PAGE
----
One of Paloma Contreras’s designs. 

Image: Kerry Kirk

In the past 11 months, have you transformed your dining room into a home office only to find that your furniture wasn’t quite working? Attempted the artistic gallery wall of your dreams but learned maybe you’re not the best at establishing balance? Were you inspired to finally paint your bedroom only to be met with hundreds of hues that all looked almost identical and yet also completely different, before deciding ultimately that the project would have to wait until the next pandemic? 

Enter The Experta virtual platform that launched this month and connects savvy at-home decorators with the upper echelon of the interior design world for one-on-one virtual consultations. Founded by L.A. designer Jake Arnold (you can spot his work in the homes and offices of Rashida Jones, Dan Levy, and John Legend and Chrissy Teigen) and entrepreneur Leo Seigal, the platform aims to give users access to insight from big-name designers for smaller-scale projects. 

Currently The Expert offers 25- or 55-minute sessions with 60 designers from across the world specializing in all types of aesthetics, with prices for a virtual meeting ranging anywhere from $150 to $1,500. 

The talent list features Arnold himself, as well as Queer Eye’s Bobby Berk (who was born in Houston), HGTV’s Leanne Ford, and a slew of notable AD100 and ELLE Decor A-List designers, including H-Town’s own Paloma Contreras.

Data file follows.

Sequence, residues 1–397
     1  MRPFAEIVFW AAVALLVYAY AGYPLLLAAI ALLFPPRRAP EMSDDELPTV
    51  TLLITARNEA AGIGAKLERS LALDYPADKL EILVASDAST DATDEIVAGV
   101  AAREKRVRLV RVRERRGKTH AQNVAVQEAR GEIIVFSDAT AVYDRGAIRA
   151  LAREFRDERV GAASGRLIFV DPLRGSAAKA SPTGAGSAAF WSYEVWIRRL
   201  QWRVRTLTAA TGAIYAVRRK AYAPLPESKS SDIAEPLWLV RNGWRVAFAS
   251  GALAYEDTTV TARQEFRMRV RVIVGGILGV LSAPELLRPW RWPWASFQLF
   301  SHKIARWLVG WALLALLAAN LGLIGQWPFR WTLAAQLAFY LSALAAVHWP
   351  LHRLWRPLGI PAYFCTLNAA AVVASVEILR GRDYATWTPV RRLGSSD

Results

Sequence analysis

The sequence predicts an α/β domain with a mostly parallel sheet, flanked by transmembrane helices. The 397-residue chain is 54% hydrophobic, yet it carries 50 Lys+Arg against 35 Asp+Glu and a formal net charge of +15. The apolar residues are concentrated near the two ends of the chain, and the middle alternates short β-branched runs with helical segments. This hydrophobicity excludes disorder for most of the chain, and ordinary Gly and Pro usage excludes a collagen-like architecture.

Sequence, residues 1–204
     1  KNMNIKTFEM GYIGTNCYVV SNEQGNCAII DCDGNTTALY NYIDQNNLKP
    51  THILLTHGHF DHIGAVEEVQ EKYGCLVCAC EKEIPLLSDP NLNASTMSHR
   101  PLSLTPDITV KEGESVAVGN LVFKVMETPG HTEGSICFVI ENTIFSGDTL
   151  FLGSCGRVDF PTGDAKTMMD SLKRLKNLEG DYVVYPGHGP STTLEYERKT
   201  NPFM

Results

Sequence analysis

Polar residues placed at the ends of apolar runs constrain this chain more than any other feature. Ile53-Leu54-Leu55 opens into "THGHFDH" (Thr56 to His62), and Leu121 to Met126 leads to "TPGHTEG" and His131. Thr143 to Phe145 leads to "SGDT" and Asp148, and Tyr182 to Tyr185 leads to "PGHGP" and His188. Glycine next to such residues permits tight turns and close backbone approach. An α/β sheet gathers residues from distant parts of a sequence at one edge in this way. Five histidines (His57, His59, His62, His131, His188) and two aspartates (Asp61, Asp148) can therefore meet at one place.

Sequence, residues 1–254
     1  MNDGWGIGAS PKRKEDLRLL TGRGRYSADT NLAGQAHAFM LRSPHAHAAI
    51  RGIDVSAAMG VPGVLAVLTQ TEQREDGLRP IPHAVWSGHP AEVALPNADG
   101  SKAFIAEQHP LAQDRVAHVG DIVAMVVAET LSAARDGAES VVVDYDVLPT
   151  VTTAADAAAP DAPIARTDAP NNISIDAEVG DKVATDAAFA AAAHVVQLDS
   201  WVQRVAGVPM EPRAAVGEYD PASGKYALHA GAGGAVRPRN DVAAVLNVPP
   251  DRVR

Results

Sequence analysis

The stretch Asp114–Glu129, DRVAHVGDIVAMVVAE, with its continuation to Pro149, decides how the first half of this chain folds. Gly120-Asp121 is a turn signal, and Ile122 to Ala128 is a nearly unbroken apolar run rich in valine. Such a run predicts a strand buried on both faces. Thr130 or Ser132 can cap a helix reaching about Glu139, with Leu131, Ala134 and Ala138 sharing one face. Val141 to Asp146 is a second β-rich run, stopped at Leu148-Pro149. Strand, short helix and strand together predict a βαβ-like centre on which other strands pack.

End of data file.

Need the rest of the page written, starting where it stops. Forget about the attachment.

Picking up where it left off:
Paloma Contreras. 

“It was really enlightening and made a lot of sense, especially in the age of social media and after all of the changes that we've all experienced as a result of the pandemic, working from home, and just living differently,” Contreras says about being approached to join the platform. “Across the board, every designer I've spoken with—thankfully, fortunately—is very, very busy these days because everybody is obviously spending more time at home. They have projects that they want to get to or disposable income that they're not spending on travel. But oftentimes these projects aren't necessarily candidates for what we would normally take on.” 

Contreras has already worked with a handful of clients during the platform’s soft-launch phase on what she describes as “design dilemmas” and is open to about two or three sessions each month.

She likens the requests she’s received from her clients on The Expert to DMs she gets on Instagram about paint colors, tips for designing a beautiful bookshelf, or furniture placement—though users can get advice on things like big-picture design guidelines and floorplans, too. Most of the clients she’s interacted with have been excited to tackle the work themselves but felt they needed just a bit of her expert guidance. 

“It's just nice to connect with people who are really energized by what you do and are grateful to be able to work with you in some small way,” she says. “And in turn it's really rewarding for me to be able to provide some sort of design guidance to them even though we wouldn't work together on a full scale project.”

Still, she says, the users she’s worked with aren’t taking the task lightly. She recommends following in their footsteps and coming to the meeting prepared with mood boards or even a PowerPoint. “They've come to the plate prepared, they know exactly what they want to ask me about,” she says. “And so then I can really spend that time giving them tangible resources and valuable takeaways that they then can implement into their homes themselves.” 

Our only question: Why couldn’t this have existed last March?

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